Reporting the topic of student internship (summer 2018)
Master Thesis, Bachelor Thesis, Engineering Work, Summer Students, Slow Control System, TeFeNica.
Project: NICA-MPD (Nuclotron-based Ion Collider fAcility-Multi-Purpose Detector)
Cluster Name: Robots in great physical experiments.
Senior Leader: prof. dr hab. Jan Pluta, firstname.lastname@example.org
Leader: prof. dr hab. inż. Adam Kisiel, email@example.com
Supervisor: mgr inż. Marek Peryt, Marek.Peryt@pw.edu.pl
Balancing Arm Assembly; Measuring Robots for Great Physical Experiments
Engineering and technical tasks:
The Measuring Balancing Arm Assembly, is an Project, that demonstrates how control concepts taught in engineering Group can applied. The arm itself is rotated by a servo motor, and balances a ball in a position specified by the user (i.e. set point). The servo is controlled by closed-loop PID Proportional Integral Derivate algorithm implemented in LabView. The feedback data is ball position, which is collected from an infrared IR sensor. If the ball is out of position, the difference between the set point and position data from the IR sensor (i.e. error) will be calculated, and the PID loop will correct it over time.
• The balance arm is rotated by servo motor, with receives PWM position Data.
• The position of the ball is measured by an infrared IR sensor
• The user specifies a position set point on the front panel of the LabView VI
• The system gradually moves the ball to the position using PID control
• After building the assembly the user must calibrate the arm by indicating the servo position at with the arm is parallel to the ground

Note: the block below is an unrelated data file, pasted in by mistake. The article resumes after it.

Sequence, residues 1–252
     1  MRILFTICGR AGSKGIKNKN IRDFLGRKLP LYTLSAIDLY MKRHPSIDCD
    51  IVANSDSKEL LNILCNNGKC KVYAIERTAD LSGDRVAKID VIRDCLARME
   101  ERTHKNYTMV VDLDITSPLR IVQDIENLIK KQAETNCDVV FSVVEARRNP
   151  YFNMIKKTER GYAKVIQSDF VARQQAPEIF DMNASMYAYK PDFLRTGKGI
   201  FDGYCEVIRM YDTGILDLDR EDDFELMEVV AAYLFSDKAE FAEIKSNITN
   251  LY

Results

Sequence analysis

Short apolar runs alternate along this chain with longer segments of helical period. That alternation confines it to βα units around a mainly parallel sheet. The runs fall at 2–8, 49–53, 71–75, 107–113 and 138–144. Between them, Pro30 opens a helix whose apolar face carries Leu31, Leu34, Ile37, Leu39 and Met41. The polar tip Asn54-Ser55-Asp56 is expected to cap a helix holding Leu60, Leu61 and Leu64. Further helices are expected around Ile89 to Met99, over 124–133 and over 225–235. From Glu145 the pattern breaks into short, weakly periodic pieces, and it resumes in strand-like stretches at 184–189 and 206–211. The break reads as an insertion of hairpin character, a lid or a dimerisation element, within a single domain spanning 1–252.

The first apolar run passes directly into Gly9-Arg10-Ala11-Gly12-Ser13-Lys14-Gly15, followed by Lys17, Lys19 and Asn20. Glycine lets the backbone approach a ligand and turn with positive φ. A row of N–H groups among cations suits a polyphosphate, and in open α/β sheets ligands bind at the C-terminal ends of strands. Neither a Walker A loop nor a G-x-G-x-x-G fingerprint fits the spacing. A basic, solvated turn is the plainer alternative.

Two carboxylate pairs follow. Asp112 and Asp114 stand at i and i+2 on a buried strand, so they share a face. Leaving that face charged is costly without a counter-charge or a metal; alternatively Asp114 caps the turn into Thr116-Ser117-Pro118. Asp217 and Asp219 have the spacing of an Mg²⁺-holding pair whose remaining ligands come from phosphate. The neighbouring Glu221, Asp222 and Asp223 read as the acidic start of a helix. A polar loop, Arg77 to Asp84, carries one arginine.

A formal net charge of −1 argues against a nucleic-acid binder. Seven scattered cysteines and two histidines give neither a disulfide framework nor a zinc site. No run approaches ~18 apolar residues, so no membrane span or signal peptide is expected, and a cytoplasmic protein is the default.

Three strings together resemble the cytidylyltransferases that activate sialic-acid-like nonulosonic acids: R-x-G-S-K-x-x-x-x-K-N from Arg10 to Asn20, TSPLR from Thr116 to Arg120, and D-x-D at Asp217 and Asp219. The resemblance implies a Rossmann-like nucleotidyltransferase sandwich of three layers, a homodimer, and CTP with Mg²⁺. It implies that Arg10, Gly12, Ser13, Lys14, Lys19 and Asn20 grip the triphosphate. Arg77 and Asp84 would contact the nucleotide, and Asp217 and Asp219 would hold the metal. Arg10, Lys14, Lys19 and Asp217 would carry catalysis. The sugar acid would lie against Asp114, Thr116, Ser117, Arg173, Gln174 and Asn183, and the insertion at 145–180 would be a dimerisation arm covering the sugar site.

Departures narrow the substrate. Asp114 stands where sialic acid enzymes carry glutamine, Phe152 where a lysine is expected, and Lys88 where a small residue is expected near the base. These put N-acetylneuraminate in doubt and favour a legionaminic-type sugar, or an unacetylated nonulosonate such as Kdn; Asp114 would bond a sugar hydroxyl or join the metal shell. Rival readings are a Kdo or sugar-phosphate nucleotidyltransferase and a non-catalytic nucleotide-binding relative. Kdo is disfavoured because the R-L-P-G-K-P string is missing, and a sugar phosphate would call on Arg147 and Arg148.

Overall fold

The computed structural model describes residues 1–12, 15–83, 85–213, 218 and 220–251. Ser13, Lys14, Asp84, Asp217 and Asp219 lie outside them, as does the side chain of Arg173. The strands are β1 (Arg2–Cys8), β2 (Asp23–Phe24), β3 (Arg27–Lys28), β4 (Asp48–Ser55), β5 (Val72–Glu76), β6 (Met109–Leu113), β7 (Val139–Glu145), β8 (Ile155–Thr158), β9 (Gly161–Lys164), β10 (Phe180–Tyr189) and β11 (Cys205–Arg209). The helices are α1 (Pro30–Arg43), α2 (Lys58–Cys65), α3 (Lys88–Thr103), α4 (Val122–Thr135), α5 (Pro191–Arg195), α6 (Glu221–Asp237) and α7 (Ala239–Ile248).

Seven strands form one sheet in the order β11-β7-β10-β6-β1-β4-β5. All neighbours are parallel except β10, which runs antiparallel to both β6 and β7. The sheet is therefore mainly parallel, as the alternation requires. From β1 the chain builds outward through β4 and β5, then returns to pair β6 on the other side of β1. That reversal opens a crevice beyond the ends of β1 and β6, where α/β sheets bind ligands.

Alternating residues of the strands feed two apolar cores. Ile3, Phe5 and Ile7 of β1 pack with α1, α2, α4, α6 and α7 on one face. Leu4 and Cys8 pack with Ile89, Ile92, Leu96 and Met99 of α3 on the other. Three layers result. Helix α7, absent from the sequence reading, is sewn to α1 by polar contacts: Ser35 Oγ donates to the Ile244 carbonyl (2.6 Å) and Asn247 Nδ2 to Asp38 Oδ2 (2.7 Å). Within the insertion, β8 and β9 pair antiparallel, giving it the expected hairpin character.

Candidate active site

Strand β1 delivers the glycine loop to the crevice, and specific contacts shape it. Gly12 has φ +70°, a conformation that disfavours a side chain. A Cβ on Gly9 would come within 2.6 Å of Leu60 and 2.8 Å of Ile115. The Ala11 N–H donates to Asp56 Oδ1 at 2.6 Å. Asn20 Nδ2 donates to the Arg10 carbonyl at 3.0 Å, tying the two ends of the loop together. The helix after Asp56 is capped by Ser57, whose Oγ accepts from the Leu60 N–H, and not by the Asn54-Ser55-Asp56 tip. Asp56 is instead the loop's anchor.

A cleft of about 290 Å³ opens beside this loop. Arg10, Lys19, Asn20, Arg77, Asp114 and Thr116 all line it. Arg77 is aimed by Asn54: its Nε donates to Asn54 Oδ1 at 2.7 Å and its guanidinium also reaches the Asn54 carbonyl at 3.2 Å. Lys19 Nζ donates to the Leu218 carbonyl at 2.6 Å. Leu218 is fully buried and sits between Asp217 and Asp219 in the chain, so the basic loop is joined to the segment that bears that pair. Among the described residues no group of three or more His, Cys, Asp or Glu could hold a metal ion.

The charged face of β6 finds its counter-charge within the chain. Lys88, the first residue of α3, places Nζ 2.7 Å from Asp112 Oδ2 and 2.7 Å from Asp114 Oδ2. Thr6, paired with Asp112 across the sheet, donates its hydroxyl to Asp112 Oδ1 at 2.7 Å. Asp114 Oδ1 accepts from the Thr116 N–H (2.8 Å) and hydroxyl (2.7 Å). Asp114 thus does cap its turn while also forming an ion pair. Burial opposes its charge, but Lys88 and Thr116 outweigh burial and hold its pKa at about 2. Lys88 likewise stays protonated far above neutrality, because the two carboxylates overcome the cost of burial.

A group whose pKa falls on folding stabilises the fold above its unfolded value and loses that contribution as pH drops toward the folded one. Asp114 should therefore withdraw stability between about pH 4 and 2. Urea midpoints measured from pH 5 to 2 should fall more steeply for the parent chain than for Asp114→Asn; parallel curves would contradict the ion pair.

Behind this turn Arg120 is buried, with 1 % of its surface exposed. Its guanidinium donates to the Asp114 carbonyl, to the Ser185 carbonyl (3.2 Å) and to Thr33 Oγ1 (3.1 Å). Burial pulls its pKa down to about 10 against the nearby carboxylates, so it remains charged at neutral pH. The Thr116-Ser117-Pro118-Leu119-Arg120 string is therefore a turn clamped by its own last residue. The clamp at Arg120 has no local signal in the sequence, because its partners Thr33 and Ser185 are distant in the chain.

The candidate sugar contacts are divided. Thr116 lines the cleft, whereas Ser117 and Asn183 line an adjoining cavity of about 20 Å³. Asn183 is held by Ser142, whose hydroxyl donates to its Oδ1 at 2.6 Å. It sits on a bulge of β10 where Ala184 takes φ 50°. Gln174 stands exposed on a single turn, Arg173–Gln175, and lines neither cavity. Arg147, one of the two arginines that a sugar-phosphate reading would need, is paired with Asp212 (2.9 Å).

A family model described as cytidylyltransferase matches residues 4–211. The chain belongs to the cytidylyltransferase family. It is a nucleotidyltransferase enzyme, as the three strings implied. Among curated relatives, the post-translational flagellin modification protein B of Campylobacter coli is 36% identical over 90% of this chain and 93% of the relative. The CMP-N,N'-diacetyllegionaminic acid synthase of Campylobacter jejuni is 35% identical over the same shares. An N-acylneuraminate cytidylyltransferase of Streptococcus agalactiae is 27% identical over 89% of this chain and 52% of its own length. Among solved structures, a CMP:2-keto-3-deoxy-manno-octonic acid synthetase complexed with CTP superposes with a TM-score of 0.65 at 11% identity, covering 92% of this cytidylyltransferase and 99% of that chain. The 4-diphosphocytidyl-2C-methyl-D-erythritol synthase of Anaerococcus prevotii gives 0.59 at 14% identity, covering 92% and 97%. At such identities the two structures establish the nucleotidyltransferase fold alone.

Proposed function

• Before every use, the user must also calibrate the controller to recognize the minimum and maximum edges of the arm
• The PID gains are auto-tuned, requiring no input by User
Expansion and Teaching Options
• Learn how the Balance Arm relates to controls concepts like closed - loop stability, disturbances rejection and performance, and PID controller design
• Program the balance arm to alternate between two different position set points.
The work is an important part of the NICA-MPD Project, carried out in the international research and development centre JINR Joint Institute for Nuclear Research in Dubna (Russia), Poland has been a member since 1956 and has a significant contribution to its scientific and research achievements.
The work consists in discerning and formulating the needs of a group of specialists from Polish scientific and research institutions, SCS Slow Control System, MPD detector control system and NICA complex. The proposed engineering and technical task combines most of the characteristics of engineering and research work.
Range of tasks to be carried out by the Apprentice:
The Measuring Balancing Arm Assembly model, consisting of prefabricated components and electronic modules, should be designed and developed and programmed in NI LabView. The subject is required to understand the theoretical knowledge and to analyze the topic at the theoretical and practical level. A working prototype (model) is planned. Then, technical analysis of the system and its functionality will be performed. Applications should be used when formulating subsequent technical and functional requirements, the robot's real measuring system. Define the required algorithms and write the software. The apprentice will perform tests and study the work of the finished robot. As a result of the subject matter, a working robot system should be created. At the end, you should give a 15-minute lecture in English about the work done. After the internships (in November 2018) a conference in Warsaw is planned: Slow Control System 2018, in which the Apprentice should take an active part by giving a thematic lecture. The publication of this work is planned.
It is possible to continue cooperation, for example in the form of an engineering or a master's thesis, as well as further scientific contacts.
The MultiPurpose Detector – MPD to Study Heavy Ion Collisions at NICA; (CDR Conceptual Design Report) Version 1.4; Project leaders: A. N. Sissakian, A. S. Sorin, V. D. Kekelidze.